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'A daughter of the Empire': Beryl White In India 1901-03

The White family in Sikkim

Visit of KumarVisit of KumarIn a letter to his mother Lt.-Col. F. M. Bailey, another visitor, gives the following account of the Whites' hospitality and of life at the Residency:

‘Yesterday afternoon we called and had tea at the Whites and dinner there. A big dinner party with only four ladies.

The Raja’s son was there. He is not the eldest son, who is in Tibet. But he was told in 1895 that if he didn’t return by a certain date he would not be raja when his father died and as he didn’t turn up his younger brother is the heir and is called the kumar.

He wore lovely silk clothes with gold braid and a sort of yellow opening at the neck and white turnbacks to his sleeves and funny Chinese shoes. He is quite young and very nice...The Whites have a lovely garden and beautiful servants with...peacock feathers in their hats. And dressed in gorgeous Thibetan clothes.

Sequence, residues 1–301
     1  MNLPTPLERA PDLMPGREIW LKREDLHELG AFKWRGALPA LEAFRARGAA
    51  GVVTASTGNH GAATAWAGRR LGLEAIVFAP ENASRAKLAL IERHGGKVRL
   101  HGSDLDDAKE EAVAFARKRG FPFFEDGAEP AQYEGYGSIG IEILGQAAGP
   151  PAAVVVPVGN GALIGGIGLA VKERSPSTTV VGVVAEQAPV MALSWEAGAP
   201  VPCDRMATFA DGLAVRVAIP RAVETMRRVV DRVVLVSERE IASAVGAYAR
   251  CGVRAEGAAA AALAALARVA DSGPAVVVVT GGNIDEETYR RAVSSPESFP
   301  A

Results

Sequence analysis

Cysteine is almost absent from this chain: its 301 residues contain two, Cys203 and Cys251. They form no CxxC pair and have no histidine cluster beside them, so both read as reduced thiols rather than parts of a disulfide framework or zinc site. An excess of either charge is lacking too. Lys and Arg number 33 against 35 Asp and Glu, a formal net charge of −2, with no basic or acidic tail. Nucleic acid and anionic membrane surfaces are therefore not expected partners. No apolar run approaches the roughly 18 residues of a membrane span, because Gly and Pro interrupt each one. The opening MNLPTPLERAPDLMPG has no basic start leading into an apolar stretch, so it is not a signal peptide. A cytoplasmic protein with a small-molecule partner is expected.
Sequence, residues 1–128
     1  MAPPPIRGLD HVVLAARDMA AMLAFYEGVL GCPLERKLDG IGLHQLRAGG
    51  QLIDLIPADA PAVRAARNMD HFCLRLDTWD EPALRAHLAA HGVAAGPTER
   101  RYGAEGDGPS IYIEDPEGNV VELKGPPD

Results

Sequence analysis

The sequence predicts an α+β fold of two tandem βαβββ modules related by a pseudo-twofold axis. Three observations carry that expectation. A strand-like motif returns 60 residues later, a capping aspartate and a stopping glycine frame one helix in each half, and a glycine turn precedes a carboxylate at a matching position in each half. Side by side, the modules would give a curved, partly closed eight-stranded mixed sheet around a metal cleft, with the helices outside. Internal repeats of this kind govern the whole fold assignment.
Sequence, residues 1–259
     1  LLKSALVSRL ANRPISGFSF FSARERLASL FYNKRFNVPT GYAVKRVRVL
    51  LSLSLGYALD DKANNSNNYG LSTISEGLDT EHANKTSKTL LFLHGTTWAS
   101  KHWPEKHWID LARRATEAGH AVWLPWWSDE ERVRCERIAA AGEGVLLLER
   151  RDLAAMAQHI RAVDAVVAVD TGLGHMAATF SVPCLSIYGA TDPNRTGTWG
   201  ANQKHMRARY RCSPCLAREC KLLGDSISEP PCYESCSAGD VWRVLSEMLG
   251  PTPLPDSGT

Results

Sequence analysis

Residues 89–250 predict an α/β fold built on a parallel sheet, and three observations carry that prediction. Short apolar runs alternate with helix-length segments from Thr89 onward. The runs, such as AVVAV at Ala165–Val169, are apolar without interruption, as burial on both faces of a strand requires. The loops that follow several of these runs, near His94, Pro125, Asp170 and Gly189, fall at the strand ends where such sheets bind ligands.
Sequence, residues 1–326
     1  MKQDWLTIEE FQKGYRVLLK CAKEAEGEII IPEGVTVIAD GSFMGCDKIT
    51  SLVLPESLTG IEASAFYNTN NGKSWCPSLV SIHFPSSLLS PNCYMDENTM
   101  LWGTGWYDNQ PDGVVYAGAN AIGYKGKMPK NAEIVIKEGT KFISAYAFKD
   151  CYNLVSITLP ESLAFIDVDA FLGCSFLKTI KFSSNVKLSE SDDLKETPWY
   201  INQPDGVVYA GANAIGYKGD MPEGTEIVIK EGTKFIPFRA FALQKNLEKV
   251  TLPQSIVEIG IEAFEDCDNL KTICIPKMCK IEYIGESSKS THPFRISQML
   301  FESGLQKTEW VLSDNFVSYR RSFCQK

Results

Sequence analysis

Family group on Verandah, OtturFamily group on Verandah, OtturAnd they have got six Thibetan dogs. Something like Peking spaniels but thinner, but they all yap and every one comes in and are rather a nuisance.

This is a terrible place for leeches but I haven’t had any yet. But at tea at the Whites yesterday one was found on a dog and one crawling across the carpet and the men who are sleeping in the ground are covered with them.’

The Residency stood out in the local context. According to John Claude White, it arose much interest in the local population, many of whom had never seen European furniture and were keen to see how Europeans lived.

‘Almost every market day little bands of women dressed in their best clothes would arrive with a few eggs or a pat of butter to make their salaams to my wife and a request that they might be allowed to go over the house, and their progress was marked with exclamations and gurgles of laughter at the strange ways of the Sahib-log.’

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